The Zikirs may be termed as spiritual songs of Islam. They are of three categories. First are those Zikirs in which the prescribed rules of Islam are narrated. These were meant for teaching 'Farz' 'Sunnat', 'Wazib' etc. to the Muslims. The common people understand these Zikirs easily. Second are those that deal with the philosophy of Islams. Sufism is at the center. These Zikirs speak of four stages of spiritual meditation; They are 'Sariat', 'Tarikat', 'Hakikat', Marifat successively. One can feel the union of the soul Absolute (Atma and paramatma).
Here one needs the guidance of a sheikh or an efficient teacher. Sariat means following the eternal rules of Islam. Practicing the strict and solemn vibes taught by the spiritual guide is Tarikat. Hakikat is realization of the final truth through lofty meditation relationship of the soul with relationship for eternity is 'Bakabillah' The entire process of hard penance is called Marifat.
There are those which resembles the indigenous folksong Dehbicharar geet. The chief contents of such Zikirs are futility and transitoriness of human life.
Matre and literary beauty:
Most of the Zikirs are composed in matras such as 'Chabi', 'Dulari', 'Pada' which were used by the Vaishnavite poets. Apart from Assamese vocabulary, we find many words of Parsi, Arabic, and Urdu origins in the Zikirs and these foreign words have helped express the Islamic ideas in a way very vivid and graphic. What is striking is that the Zikirs are coloured with prevalent folk songs like Nam-Kirtan, Ujapali, Deh-Bicharar geet etc.Application of their tunes and Assamese phrases have enhanced the literary beauty as weal as popularity of the Zikirs.
How Zikirs are Sung:
Ajan Fakir came to Assam for propagation of Islam,there are evidence to indicate that there weresome other Muslim missionaries working in the same line before him. But none of them had the sustained influence likeAjan Fakir.His Zikir are popular and sung by the folk singers of all communities. Gradually they have made their entry into the cultural arena of the urban society. It is probable that some Zikirs were also composed by poets contemporary or prior to Ajan Fakir. According to the Vaisnava literature of Assam Chand Khan or “Chand Sai”, disciple of Vaisnava Saint Sankardeva (dates?) composed spiritual lyrics more like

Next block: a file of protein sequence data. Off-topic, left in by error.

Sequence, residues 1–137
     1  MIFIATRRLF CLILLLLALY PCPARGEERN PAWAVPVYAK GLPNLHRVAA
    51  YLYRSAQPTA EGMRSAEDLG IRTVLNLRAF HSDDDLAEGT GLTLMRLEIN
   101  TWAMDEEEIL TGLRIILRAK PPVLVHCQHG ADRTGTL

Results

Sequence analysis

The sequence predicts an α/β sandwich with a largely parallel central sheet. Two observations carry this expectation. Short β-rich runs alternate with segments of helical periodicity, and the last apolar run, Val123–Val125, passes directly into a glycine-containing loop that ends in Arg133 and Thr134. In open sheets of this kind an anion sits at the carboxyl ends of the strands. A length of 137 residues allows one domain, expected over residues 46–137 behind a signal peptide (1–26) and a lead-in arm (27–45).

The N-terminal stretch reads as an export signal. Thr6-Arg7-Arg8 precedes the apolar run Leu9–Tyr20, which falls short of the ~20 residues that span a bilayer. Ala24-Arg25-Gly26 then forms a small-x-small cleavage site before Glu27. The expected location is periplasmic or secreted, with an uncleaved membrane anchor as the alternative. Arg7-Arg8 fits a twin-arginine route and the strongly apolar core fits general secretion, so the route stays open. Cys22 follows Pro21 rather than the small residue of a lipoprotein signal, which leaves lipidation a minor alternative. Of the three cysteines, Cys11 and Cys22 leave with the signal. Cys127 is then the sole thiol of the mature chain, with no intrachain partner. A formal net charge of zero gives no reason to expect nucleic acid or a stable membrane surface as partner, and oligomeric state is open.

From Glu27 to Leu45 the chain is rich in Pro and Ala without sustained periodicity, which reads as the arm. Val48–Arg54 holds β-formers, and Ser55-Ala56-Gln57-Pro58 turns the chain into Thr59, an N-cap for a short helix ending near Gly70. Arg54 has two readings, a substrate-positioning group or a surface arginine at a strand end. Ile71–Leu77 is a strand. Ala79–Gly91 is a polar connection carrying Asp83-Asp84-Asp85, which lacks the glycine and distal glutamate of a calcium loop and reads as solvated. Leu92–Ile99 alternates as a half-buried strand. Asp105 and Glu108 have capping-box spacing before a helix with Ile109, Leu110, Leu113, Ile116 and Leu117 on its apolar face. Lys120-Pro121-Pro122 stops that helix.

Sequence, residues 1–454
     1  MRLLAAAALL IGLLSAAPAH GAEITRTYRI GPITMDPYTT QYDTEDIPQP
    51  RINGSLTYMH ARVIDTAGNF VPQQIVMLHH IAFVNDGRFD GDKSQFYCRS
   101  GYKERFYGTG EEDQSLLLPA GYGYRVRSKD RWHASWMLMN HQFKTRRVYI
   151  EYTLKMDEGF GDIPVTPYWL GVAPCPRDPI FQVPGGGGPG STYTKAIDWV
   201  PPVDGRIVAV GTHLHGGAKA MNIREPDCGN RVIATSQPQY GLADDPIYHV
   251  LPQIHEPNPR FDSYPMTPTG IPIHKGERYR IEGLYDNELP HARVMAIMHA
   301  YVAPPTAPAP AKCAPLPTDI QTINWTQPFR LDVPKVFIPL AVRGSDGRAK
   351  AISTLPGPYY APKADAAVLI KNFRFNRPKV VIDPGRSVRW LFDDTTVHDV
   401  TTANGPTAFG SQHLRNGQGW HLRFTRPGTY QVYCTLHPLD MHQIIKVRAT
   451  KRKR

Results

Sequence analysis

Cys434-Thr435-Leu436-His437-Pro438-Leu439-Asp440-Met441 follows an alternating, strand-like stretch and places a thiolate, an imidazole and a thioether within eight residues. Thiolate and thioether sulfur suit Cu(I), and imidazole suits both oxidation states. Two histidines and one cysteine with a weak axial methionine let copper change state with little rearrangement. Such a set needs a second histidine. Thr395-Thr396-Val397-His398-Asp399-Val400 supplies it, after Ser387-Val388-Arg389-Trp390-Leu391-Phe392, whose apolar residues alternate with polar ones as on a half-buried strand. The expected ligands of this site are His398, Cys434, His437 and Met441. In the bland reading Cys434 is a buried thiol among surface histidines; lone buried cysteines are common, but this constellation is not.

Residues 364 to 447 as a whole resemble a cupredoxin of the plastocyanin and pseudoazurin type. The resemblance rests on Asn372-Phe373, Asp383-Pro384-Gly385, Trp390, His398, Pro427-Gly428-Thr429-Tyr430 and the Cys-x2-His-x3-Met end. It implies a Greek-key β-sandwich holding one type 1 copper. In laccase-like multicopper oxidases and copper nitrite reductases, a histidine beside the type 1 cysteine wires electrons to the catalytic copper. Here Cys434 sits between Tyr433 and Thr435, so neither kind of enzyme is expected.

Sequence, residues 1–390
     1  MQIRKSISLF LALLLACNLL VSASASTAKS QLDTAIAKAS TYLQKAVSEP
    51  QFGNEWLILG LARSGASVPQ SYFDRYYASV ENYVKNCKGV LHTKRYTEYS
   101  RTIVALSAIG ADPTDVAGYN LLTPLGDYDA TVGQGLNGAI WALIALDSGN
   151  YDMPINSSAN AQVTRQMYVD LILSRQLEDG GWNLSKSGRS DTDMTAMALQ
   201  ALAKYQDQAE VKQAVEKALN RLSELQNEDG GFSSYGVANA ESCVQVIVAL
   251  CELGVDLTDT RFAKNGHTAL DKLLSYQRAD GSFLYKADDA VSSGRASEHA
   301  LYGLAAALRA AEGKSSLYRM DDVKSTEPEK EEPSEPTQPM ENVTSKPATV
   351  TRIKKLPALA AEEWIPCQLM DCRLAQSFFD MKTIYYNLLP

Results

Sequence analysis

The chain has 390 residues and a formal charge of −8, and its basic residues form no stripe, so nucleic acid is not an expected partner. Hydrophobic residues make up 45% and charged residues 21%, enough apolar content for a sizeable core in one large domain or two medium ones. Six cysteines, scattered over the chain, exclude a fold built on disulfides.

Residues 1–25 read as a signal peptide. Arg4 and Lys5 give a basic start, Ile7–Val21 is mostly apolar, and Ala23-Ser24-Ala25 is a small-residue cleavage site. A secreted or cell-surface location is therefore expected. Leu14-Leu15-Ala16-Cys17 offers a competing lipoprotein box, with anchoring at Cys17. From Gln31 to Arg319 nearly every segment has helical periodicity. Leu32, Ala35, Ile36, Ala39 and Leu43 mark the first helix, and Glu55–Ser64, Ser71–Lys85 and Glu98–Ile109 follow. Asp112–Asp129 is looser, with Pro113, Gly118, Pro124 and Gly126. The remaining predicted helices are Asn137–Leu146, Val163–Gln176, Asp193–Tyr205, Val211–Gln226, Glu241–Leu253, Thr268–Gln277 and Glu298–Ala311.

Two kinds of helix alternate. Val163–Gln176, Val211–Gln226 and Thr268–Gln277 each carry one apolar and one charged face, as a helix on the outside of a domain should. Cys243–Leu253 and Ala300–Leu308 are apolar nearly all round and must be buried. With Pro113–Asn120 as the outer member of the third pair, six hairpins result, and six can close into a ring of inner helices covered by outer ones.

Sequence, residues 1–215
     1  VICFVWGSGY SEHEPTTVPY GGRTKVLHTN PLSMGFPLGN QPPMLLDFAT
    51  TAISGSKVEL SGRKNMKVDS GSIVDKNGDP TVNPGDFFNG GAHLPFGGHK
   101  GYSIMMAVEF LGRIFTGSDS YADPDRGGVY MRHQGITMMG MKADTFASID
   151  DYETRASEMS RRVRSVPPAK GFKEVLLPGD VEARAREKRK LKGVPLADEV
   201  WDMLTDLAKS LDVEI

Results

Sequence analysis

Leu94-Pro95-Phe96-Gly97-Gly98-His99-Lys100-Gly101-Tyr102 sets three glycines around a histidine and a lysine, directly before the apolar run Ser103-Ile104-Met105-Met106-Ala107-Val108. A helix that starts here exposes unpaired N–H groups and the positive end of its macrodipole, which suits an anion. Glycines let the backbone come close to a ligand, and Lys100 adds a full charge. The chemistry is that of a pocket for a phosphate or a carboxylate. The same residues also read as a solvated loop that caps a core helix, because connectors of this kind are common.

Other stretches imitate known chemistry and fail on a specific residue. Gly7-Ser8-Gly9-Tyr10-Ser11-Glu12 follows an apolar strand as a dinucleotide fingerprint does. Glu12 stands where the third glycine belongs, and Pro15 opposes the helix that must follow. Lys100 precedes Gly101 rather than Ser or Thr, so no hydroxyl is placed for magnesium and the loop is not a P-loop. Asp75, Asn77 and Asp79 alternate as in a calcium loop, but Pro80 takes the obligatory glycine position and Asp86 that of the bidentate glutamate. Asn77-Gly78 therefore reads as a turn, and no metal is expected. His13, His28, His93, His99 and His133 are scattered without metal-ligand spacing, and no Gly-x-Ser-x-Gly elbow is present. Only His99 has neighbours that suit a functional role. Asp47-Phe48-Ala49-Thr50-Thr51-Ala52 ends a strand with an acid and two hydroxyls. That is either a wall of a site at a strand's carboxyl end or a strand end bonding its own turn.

Borgit’s of Sankardeva and Madhavadeva. But Zikir’s of Ajan Fakir are the foremost of all. It is a group song performed by the group of singers, professional performing group led by one or two solo singers and accompanied by handclapping and two musical instrument dotara.The poetry is colloquial homey Assamese with fewArabic and Persian in a fluid style of alternating solo and group passages characterized by repetition.The goal is to repeat almighty Allah’s name again and again, create awareness among audience for
divine love and power.
Zikir singing considered as an occasion is a gathering for the purpose of realizing ideals of Islamic mysticism through listening. The assembly is usually attended by Sufi devotees through it is open to all comers. Zikir assemblies commemorates the death anniversary (urs) of the Sufi saints at their shrines, private gathering and functions organized for any festive occasion, most often accompanied by appropriate dances.The women performer also takes part in the private function but they do not dance.
The “Zari” derivation of “Jari” is translated in Persian and Urdu dictionaries as “ crying, groaning, wailing”. Such demonstrative expressions of grief are an important part of Muharram celebrations.
The Jari is also popularly known as “Jarigan”, the songs concern to Karbala episodes “Hasan-Hosein” and stories from Islamic history and legend. The devoted Muslims enjoy listening to “Jari gan” till late hours of the night. Some of the Assamese Zari may be called independent ballads giving the stories of Haidar Ghazi.